Recorded in 1957, Tijuana Moods was initially released five years later in 1962. It was written during a very blue period in Mingus’ life. He was separated from his wife Celia, so he made his first trip to Tijuana, Baja California with Dannie Richmond in hopes of forgetting her. It didn’t work, but ever the artist Mingus “decided to benefit musically” by recreating his border town experiences.
“Dizzy Moods” was influenced by Gillespie’s “Woody ‘n’ You,” sketched out on the drive down. The horns have a full, warm sound, a perfect match for heading southbound on the freeway during the late afternoon as the sun begins its descent into the Pacific. The windows are down, and the summer air feels good on your skin.
Walking the streets of Tijuana, the castanets and female vocals call out. Enter a dimly lit club, cervezas y tequila are brought to the table, and witness “Ysabel’s Table Dance.” Mingus explains, “spots in the music played by the piano represent the scantily clad woman spinning from table to table.” The Latin influences disappear about four minutes in. The jazz swings behind Shafi Hadi’s sax. These are sounds of home, the big city. Mingus still remembers what he wants to forget. The sax somberly solos and the bass returns the Latin rhythms underneath, before the number swings again. Ysabel returns to the forefront, dancing up a storm. Mingus’ thoughts continue drifting back and forth, home and here.
While the music is very good and enjoyable, I don’t get what Mingus was going for in “Tijuana Gift Shop.” I have been in them, but don’t hear the connection. It’s a brief visit before we are back on the streets and encountering “Los Mariachis,” street musicians who entertain the tourists. They play different music for different people, hoping to pick the correct song that will maximize their tips. For Mingus, it keeps coming back to the blues this evening. He can be occasionally heard shouting about his woman in the background.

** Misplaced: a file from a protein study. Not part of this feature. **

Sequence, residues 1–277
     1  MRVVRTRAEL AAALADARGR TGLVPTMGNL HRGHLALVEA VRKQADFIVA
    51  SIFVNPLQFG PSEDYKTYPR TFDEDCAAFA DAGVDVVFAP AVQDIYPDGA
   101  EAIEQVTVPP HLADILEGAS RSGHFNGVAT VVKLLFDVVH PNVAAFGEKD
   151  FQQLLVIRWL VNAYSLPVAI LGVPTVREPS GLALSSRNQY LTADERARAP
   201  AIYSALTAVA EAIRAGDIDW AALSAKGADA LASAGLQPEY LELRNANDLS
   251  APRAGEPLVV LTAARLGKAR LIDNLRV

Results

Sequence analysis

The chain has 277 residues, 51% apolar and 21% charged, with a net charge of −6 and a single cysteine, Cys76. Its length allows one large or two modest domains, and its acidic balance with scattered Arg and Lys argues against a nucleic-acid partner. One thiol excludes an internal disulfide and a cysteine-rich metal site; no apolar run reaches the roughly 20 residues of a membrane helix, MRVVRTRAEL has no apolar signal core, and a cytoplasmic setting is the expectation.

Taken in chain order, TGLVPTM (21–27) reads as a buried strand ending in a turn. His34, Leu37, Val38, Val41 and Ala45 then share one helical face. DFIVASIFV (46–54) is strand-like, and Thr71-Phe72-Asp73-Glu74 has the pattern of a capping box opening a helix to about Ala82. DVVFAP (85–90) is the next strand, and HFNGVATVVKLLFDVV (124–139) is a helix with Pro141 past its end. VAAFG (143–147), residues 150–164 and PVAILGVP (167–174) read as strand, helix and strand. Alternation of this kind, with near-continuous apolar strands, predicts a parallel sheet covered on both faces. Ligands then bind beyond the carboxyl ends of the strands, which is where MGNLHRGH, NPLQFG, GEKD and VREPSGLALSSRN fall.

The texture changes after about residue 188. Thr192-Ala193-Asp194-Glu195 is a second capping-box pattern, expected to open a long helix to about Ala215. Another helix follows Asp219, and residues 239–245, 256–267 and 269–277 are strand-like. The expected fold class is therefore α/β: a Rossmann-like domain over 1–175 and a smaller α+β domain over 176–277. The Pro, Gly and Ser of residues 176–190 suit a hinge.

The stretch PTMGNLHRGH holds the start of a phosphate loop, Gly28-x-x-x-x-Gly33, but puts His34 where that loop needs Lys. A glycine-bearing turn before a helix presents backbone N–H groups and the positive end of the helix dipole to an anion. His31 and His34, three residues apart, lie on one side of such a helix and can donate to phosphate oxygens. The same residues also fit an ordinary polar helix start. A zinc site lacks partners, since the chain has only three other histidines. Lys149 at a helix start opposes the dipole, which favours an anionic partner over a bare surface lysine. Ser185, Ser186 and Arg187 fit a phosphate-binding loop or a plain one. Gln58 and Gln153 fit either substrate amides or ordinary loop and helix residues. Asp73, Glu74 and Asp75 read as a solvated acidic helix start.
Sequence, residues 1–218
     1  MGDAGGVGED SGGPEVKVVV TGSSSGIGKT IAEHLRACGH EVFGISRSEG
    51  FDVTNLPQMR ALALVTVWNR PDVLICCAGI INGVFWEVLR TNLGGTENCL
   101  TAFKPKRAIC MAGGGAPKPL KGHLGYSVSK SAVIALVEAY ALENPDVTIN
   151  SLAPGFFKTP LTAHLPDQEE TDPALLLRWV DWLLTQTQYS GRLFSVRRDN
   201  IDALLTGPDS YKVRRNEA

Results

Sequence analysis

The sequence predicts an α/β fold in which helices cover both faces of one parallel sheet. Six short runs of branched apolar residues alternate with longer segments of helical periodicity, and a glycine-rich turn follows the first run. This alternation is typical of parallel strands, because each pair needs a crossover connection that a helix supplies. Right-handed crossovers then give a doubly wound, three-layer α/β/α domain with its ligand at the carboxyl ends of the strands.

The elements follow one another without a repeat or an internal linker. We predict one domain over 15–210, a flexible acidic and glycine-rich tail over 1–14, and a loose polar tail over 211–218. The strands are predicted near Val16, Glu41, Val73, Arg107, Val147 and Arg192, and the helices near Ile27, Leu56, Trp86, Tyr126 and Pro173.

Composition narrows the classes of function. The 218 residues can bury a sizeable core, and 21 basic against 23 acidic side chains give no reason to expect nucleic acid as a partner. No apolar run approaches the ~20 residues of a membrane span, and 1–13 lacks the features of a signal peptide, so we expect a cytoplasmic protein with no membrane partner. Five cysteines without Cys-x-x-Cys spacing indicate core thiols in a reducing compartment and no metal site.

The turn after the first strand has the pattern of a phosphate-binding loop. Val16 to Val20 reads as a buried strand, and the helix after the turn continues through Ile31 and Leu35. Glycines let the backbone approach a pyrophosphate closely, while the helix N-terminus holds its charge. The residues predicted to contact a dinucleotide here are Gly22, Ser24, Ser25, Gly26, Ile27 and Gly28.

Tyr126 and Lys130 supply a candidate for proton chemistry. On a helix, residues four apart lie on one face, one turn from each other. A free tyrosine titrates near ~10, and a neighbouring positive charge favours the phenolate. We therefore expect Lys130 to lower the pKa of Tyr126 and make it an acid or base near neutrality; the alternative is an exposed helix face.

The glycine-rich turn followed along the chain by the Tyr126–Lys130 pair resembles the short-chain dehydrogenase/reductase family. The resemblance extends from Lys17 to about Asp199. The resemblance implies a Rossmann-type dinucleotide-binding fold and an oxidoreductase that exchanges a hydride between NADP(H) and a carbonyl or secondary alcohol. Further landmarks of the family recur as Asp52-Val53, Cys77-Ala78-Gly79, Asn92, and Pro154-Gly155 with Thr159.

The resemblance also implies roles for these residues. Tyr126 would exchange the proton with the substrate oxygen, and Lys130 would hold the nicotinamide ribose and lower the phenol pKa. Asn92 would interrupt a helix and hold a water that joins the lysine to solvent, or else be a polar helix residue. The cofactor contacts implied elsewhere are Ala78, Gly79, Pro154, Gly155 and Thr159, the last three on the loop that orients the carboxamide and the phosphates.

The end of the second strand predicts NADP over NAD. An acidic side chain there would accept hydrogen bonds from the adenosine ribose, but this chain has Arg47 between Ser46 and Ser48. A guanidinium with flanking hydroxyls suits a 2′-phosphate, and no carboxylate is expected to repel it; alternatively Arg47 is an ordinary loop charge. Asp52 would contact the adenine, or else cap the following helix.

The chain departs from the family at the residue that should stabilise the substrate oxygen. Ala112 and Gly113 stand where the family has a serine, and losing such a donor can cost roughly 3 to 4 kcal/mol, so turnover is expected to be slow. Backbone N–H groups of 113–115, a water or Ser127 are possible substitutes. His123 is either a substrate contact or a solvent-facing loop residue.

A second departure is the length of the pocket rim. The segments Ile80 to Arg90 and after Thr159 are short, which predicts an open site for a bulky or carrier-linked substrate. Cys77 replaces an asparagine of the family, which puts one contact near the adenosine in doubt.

Anderson & Grouya’s “Flamingo” returns Mingus to the city. The striking of the triangle announces a new day dawning, but are you ready to face it. A battle takes place: the grogginess combined from drinking to repair a heart and a night’s slumber against the slow-brightening sky alongside the city’s hustle and bustle. The song’s end reveals the winner.
Recorded during these sessions is the bonus track “A Colloquial Dream (Scenes In The City),” previously issued on the 2001 version of this album. Lonnie Elder recites this wild, Beat poem put to jazz music about a love for jazz music. Even though times get rough with the landlady looking for the rent and everything being hock, the love of jazz keeps the narrator going. Bird, Miles, and Monk make it into the dream. The song doesn’t fit the album’s Tijuana mood, but it’s a cool piece nonetheless.
In the liner notes, Mingus wrote, “[Tijuana Moods] is the best record I ever made,” and “I believe this record includes performances by some of the greatest musicians I have ever worked with.” Far be it from me to argue with the man. It’s a great album no matter what your mood.